NEWS

Helmets save lives Prevent injury on the slopes

Date: Feb. 1st, 2010
Contact: By Colette Derworiz at Calgary Herald

CALGARY — They may not be mandatory for skiers and snowboarders, but a new study by University of Calgary scientists proves people who wear helmets on the slopes are much less likely to suffer head injuries in a fall.

The article, published Monday in the Canadian Medical Association Journal, encourages the use of helmets among skiers and snowboarders.  “It’s safer to ski and snowboard with a helmet as opposed to not wearing one,” said Kelly Russell, a PhD student at the U of C who’s the lead author of the paper. “Helmets do work.”

The research — which analyzed 12 studies in Europe, Asia and North America — found that skiers and snowboarders who wear a helmet reduce their risk of head injury by 35 per cent. It also suggests there’s no evidence that a helmet increases the risk of neck injury.

Calgarian Andrew Sawatsky, 29, said he always wears a helmet when he skis.  “I’ve had concussions in the past,” he said, noting he also works at a ski shop so knows all about the benefits of wearing a helmet. Another skier, Calvin Macdonald, said it’s no different than wearing a tuque.  “It becomes habit now,” he said.

The U of C paper suggests traumatic brain injury is the leading cause of death and serious injury among skiers and snowboarders.  “Estimates from numerous countries indicate that head injuries account for nine per cent to 19 per cent and neck injuries for one to four per cent of all injuries reported by ski patrols and emergency departments,” according to the research.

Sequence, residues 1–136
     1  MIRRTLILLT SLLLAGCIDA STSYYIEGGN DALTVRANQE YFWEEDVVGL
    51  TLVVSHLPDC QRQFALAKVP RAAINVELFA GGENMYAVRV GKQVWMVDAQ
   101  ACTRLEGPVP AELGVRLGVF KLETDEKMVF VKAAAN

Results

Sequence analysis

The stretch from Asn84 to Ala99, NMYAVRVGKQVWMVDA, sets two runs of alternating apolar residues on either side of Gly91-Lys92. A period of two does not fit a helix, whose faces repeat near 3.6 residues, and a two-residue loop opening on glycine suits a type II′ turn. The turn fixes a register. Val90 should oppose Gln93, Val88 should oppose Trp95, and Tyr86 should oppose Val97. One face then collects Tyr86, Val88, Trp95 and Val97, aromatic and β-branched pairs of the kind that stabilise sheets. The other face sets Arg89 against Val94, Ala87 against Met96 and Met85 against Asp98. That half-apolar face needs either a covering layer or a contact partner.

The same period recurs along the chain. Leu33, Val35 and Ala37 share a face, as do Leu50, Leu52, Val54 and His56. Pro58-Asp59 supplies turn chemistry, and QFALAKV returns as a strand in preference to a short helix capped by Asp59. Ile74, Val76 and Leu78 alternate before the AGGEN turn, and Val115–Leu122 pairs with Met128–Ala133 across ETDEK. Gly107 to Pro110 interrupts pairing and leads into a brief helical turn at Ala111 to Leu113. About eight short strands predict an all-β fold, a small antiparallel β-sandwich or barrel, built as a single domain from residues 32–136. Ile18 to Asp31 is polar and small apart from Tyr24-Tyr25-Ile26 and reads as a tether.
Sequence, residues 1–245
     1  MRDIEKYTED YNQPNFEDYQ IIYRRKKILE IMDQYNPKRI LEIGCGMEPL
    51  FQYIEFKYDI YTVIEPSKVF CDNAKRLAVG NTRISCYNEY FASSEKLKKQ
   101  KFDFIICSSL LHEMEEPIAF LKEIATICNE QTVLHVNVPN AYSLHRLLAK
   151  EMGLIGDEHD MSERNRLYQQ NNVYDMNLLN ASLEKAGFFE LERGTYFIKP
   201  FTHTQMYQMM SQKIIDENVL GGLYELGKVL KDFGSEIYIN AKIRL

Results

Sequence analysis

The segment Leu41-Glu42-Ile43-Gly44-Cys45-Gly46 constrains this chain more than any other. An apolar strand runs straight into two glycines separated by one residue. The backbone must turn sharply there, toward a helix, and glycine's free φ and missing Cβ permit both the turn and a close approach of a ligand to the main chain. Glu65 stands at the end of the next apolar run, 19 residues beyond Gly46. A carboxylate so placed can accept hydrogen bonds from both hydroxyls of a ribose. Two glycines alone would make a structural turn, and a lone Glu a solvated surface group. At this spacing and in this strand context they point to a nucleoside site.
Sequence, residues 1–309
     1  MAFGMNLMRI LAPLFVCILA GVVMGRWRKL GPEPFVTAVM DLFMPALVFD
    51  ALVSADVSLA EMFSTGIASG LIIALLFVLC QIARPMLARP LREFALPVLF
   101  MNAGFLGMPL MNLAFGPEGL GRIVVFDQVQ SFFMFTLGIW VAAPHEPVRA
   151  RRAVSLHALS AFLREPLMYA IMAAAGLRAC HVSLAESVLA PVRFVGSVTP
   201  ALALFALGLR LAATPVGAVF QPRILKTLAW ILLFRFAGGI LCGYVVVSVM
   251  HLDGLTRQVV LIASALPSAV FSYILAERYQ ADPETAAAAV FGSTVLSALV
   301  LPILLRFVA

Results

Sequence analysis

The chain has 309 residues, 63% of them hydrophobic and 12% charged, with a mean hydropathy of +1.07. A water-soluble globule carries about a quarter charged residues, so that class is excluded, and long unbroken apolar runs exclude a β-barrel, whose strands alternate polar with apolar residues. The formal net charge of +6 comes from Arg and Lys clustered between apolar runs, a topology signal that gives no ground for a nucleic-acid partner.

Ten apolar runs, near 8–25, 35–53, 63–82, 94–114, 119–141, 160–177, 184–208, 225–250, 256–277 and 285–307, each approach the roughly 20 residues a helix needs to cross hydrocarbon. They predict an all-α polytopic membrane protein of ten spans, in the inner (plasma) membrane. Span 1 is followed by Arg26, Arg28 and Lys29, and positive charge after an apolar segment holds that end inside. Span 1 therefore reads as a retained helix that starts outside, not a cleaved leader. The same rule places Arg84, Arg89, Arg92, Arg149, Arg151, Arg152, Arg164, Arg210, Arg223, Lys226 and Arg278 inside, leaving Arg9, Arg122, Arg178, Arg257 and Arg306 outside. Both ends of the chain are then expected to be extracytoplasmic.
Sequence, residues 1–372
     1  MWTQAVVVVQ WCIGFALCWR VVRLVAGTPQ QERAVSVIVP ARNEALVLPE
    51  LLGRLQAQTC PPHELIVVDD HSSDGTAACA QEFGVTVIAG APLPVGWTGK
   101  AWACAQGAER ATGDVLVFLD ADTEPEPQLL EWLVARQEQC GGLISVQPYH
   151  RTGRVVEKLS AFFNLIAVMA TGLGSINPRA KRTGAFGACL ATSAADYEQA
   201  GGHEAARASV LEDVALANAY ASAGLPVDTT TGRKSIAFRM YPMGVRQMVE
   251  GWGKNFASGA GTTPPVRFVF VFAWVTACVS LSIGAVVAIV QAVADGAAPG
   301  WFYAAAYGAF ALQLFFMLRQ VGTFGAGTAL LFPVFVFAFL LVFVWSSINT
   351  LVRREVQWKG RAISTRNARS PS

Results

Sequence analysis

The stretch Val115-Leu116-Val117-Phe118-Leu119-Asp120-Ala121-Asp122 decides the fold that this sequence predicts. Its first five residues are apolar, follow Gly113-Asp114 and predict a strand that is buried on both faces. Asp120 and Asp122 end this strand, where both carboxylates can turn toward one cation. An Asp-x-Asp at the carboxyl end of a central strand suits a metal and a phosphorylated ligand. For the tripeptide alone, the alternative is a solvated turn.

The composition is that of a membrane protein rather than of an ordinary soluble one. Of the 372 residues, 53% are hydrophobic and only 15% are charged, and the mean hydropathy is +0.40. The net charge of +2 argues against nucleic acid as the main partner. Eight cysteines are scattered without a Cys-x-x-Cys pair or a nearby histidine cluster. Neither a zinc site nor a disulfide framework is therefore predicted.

And yet, no province in Canada requires skiers to wear helmets.  “We encourage it, but it’s not mandatory,” said John Ross, spokesman for Lake Louise Ski Area. “It’s still very much a personal decision and we don’t want to tell people what to do.”

However, Ross and others said helmet use is a growing trend among skiers and snowboarders.  “I would estimate at least 60 per cent of our customers are now wearing helmets,” he said. “Five years ago, it was 10 per cent.”  Ross said helmets are mandatory for children under 12 who are enrolled in programs at the resort.

Other hills have a similar policy, which was developed by the Canada West Ski Areas Association.  “We recommend wearing helmets for skiing or riding,” said Doug Firby, spokesman for Sunshine Village Ski Resort. “We also encourage skiers and snowboarders to educate themselves of both the benefits and the limitations of helmet usage.”

However, he said it’s only mandatory for children under 12 who are enrolled in ski or snowboard school. Similarly, officials at the Resorts of Canadian Rockies — which runs Fernie and Kimberley in British Columbia and Nakiska in Alberta — said children in their programs have long been required to wear helmets and many customers wear helmets voluntarily.

“It’s a no-brainer,” said spokesman Matt Mosteller, noting 90 per cent of resort staff are sporting helmets.  At Calgary’s Canada Olympic Park, helmets are mandatory in higher difficulty areas such as the terrain park and the half pipe.  “Generally speaking, we have very high use of helmets,” said Jim Younker, chief operating officer with WinSport Canada, which operates the park. “I don’t see a lot of children without helmets.

“The conversion is the slowest among people like myself who are in their fifties and have been skiing for 35 years.”